Immigration Advocates Press For Changes
LINDA WERTHEIMER, host:
Now that the White House has scored a legislative victory on health care, many of President Obama's supporters are pushing for a comprehensive immigration overhaul. Among the things they want: a path to citizenship for people who are in the country illegally. Joining us to talk about what may be the next big social issue for the White House is NPR News analyst Juan Williams, who joins us from station WBEZ in Chicago.
Juan, good morning.
JUAN WILLIAMS: Good morning, Linda.
WERTHEIMER: President Obama did promise to make this issue a priority when he was running for president. What has he done about it so far?
WILLIAMS: Zero. And that's why you had the big march in Washington that supporters said brought 150,000 people to the Mall. They are frustrated with this White House. They feel as if immigration has been put on a back burner. And the power of their vote - remember, they turned out in surprisingly large numbers for Barack Obama. And they feel that that effort has been forgotten.
WERTHEIMER: You were watching closely the last time that Congress grappled with this issue. That didn't work so well.
WILLIAMS: No. It went back to '06 and '07, and then you had marches, as well. But ultimately, even with President Bush, a Republican in the White House and Democratic control of both the House and the Senate, what you saw was that there was an overwhelming grassroots opposition to immigration reform, especially to this idea of amnesty. The talk show hosts on the right wing really went nuts about it.
It was as if it had become a new third rail. Normally, we talk about social security and maybe recently health care as a third rail in American politics. But now, for about five years, immigration has been a third rail issue, too hot to touch.
WERTHEIMER: There is legislation pending in both houses of Congress. What do you think are the prospects of those bills?
WILLIAMS: Well, I think the best prospect is for a Senate bill. It's bipartisan. It's being proposed by Chuck Schumer, the New York Democrat, and Lindsey Graham, the Republican from South Carolina.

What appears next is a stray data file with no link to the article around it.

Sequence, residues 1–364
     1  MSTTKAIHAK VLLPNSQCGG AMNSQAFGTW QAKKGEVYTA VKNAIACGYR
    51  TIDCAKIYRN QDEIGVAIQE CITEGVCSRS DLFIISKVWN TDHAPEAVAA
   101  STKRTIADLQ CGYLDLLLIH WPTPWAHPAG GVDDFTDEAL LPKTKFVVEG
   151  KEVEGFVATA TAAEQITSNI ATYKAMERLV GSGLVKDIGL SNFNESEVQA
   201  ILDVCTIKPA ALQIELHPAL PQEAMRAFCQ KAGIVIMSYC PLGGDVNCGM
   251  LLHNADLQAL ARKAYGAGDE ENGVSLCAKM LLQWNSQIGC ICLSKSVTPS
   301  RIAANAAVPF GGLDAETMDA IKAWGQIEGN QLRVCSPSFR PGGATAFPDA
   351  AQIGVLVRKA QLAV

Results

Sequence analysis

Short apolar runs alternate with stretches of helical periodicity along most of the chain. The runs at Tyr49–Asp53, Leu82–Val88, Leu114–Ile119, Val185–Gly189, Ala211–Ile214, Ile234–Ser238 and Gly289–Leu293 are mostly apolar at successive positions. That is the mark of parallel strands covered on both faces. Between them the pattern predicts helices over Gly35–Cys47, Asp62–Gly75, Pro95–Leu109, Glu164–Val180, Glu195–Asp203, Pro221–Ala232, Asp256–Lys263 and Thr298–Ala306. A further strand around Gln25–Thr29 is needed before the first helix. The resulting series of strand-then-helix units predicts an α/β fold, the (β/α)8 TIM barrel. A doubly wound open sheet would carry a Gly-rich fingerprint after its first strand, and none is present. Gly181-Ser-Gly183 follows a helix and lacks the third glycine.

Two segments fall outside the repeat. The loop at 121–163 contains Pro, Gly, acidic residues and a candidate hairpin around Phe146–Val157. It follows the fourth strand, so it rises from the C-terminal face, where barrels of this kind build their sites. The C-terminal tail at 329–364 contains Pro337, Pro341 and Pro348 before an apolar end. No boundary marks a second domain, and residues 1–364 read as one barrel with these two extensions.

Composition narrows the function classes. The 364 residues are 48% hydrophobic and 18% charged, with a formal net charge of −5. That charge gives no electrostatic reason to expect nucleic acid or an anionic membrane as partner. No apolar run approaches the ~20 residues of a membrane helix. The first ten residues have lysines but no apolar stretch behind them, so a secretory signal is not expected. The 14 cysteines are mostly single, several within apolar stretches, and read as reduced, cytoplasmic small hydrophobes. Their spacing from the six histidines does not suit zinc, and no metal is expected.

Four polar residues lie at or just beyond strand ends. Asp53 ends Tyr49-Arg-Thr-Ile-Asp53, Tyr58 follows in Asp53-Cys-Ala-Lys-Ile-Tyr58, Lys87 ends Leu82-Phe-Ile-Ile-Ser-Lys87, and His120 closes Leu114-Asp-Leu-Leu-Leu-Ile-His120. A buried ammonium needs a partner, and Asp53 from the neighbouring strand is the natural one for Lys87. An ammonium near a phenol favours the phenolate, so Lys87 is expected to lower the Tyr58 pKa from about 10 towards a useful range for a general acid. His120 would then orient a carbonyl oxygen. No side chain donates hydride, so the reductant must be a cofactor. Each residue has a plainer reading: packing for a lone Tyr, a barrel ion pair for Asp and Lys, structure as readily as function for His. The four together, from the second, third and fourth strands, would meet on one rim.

And under that bill, what you have is immigrants who are here illegally, in order to apply for a legal residency or citizenship, would have to admit that they broke the law in the way that they got into the United States. And then secondly, they'd have to pay fines and back taxes. And finally, they'd have to undergo a background check and prove that they can speak English.
Now, that's pretty direct. And remember, you've got about 10 to 12 million illegal immigrants in the country. And so this would be a clear ladder for them to make progress.
WERTHEIMER: Well, now, realistically, don't you think, though, Juan, despite the president's support in the Hispanic community, time is kind of getting short. I mean, isn't the schedule really against doing one more big messy, politically consequential thing, with the midterms just months away?
WILLIAMS: You're exactly right, Linda. I think the calendar works against immigration reform right now. Now, there are more rallies planned around the country in early April, at the end of this congressional recess. And you can imagine that there's going to be an outpouring of immigrants coming to the forefront. They're very concerned about the high levels of deportation taking place.
But in terms of the real politics on the ground, I think you're going to see some Democrats and lots of Republicans who get very antsy about doing anything before the November elections. And that means that immigration reform - its best hopes would be in late November and December. And that's a very tight window, then, before you start talking about presidential politics in 2011.
WERTHEIMER: Juan Williams, thanks very much.
WILLIAMS: Linda, my pleasure.
WERTHEIMER: NPR's news analyst Juan Williams. He joined us from Chicago.
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